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10 April 2020

Good Friday in Bad Times

Rev’d Dr Andrew Cameron, Director of St Mark’s, reflects on the cross at an unforgettable time in our human history.

I reckon our lives feel shabby right now. Bored, restless, stressed, futile. Everything that meant something is menaced. Sure, there are hidden graces worth celebrating among it, and one day, we will. But today, today… ambiguous school terms at their last gasp; buckets of email, well-meaning, or virtue-signalling, or rent-seeking; distracted, harried lecturers, managers, supervisors; work slowed to molasses among the IT that never just works; lumpen teenagers irritably grunting through their hundredth turgid hour of online gaming; anxious or detached partners who just refuse to connect… All at a point in human history, at least as we’ve known it, where we can’t predict and can’t plan, all the while glimpsing spectres of our worst selves.

The issues were different, but I reckon the vibe was similar, on that last Friday with Jesus and first Saturday without him.

Even punctuated by history’s most epic dinner between friends—itself tainted with suspicion and betrayal—it had been a very, very tough week. Jesus and his band are clearly in deep trouble with the powers who run their Temple and its town. Then, it all comes so quickly to a head after dinner, with arrests, sleeplessness, exhaustion, gutless cowardice, witch-hunts, and gruelling, terrible torture. Seething, adrenaline-fuelled angry crowds; jostling, accusation and recrimination; and a few short hours into the rising sun all they’d begun to trust and build upon hammered—incomprehensibly, helplessly, pointlessly, barbarously and breathlessly—onto dirty stinking wood.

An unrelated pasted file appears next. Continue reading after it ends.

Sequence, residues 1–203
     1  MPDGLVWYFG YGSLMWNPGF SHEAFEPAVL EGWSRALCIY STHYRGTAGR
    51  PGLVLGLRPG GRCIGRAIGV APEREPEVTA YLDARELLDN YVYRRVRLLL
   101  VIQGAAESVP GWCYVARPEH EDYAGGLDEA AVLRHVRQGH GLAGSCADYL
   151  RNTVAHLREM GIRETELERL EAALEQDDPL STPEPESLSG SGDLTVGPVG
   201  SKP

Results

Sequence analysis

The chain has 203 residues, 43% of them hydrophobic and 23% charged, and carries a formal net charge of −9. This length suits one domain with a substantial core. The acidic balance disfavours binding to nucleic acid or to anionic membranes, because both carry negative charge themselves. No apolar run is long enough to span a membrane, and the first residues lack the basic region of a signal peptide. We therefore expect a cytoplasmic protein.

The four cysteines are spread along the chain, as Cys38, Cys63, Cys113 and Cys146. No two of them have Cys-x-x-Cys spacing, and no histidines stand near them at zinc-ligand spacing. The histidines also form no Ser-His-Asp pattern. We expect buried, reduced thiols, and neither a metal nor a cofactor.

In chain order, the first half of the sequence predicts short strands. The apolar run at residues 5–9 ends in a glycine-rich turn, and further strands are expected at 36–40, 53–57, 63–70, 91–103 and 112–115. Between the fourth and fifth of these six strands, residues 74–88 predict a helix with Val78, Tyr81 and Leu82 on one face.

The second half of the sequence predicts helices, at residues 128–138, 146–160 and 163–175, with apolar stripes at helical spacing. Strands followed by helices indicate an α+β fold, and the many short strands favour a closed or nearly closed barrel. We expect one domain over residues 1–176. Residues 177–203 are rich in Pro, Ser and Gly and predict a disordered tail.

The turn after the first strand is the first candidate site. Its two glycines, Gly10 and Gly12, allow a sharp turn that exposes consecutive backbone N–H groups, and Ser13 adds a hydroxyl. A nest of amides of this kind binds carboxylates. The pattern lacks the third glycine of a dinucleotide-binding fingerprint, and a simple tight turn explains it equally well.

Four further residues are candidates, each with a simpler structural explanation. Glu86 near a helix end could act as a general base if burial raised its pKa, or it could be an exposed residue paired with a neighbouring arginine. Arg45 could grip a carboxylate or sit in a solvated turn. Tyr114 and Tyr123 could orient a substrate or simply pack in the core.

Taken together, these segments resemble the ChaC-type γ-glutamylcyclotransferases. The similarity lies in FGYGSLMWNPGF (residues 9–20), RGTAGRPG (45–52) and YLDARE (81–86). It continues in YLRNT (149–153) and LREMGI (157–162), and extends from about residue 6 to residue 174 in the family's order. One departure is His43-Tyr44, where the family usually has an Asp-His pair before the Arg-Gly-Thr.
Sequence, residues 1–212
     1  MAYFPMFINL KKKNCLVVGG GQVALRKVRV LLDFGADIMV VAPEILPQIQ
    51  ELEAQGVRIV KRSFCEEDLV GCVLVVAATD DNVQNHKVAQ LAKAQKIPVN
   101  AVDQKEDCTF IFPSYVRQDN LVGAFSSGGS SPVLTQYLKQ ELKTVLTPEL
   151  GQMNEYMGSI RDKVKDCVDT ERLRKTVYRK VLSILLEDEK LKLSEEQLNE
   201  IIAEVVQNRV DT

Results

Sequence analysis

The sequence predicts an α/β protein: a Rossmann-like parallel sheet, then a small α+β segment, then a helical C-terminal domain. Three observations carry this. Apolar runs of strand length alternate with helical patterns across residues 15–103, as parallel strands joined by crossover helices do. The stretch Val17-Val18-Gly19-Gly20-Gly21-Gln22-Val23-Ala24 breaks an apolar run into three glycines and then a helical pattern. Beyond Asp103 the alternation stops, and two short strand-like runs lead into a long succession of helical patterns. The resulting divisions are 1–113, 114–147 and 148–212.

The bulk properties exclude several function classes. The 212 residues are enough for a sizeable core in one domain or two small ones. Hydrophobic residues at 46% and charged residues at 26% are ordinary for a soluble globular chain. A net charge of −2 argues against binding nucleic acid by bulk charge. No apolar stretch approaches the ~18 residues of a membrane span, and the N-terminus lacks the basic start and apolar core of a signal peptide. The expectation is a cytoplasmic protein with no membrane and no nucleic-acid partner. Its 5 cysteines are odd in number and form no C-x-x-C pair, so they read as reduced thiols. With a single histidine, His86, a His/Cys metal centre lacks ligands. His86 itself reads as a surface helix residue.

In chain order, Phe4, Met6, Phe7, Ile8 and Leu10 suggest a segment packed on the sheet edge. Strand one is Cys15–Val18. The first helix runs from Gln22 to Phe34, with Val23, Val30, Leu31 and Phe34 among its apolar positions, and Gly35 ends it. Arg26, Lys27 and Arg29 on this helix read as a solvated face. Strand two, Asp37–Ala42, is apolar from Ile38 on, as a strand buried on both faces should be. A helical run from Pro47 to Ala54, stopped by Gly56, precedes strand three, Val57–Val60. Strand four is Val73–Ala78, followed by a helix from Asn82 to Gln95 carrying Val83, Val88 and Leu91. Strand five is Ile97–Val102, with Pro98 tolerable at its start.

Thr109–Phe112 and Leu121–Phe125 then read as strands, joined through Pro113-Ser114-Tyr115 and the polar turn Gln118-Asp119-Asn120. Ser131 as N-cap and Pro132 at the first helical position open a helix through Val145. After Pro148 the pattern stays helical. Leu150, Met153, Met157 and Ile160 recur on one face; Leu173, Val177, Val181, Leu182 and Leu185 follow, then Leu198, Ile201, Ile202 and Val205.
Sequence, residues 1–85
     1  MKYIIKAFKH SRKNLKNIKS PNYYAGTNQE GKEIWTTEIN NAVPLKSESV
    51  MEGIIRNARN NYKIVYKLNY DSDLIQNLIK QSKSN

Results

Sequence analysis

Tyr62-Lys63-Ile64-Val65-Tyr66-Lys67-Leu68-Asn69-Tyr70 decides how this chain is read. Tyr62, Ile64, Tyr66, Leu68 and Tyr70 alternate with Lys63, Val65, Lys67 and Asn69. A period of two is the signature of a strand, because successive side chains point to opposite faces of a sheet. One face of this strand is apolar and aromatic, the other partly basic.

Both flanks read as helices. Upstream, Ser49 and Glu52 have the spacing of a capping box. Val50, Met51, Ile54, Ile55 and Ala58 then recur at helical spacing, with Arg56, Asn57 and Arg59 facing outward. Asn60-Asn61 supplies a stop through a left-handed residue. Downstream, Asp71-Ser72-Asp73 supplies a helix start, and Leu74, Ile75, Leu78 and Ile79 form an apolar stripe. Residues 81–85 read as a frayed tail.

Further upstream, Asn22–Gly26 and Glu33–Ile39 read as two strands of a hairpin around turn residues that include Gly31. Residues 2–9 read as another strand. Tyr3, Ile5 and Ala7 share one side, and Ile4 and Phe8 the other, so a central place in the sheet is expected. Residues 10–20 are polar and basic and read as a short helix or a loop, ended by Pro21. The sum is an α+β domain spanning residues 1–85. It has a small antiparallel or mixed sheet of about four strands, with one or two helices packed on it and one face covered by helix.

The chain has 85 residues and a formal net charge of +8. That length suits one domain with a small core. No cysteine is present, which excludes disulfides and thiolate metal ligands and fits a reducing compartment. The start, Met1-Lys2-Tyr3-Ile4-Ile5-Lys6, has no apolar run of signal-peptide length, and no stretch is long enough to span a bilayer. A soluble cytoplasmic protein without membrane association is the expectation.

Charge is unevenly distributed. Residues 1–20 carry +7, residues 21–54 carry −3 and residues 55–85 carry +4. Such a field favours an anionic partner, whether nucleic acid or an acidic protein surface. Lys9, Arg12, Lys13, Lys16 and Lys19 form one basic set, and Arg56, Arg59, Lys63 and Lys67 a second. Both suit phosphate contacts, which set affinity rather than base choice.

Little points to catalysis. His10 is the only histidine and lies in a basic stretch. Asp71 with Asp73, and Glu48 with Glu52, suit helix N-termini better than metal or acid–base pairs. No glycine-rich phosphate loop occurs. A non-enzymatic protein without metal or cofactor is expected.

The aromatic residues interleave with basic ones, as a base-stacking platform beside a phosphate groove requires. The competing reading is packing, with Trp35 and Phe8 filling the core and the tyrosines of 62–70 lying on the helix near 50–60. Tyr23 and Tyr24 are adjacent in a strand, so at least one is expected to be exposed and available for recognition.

All the ‘disciples’ within this mess can do, can rise to—with the exception, largely unnoticed, of a few good women—is: Run. Bug out. Deny and hide and run some more. All at a point in human history, at least as they’ve known it, where they can’t predict and can’t plan, all the while glimpsing spectres of their worst selves.

It says that the One about to die, ‘loved them to the end’ (John 13:1). He also loved while he died: his mother, his killers, those dying with him. He even loved his Father, whom he thought had turned on him. This love, homed in a feeble, frail, heaving, dying body, flickers on as the only constant in the whole ignoble, bleak, human-riddled mess.

Maybe you feel as frazzled, ordinary, disappointed in yourself, overwhelmed, apprehensive and hopeless (or at least hope-challenged) as others do today. Good Friday points you to one who loves you to the end, at our very worst, least noble, most sinful and despondent and harried and distracted.

He will rise, and will restore. But for today, in all your utter, average ordinariness, just know this:

He loved us, to his end.

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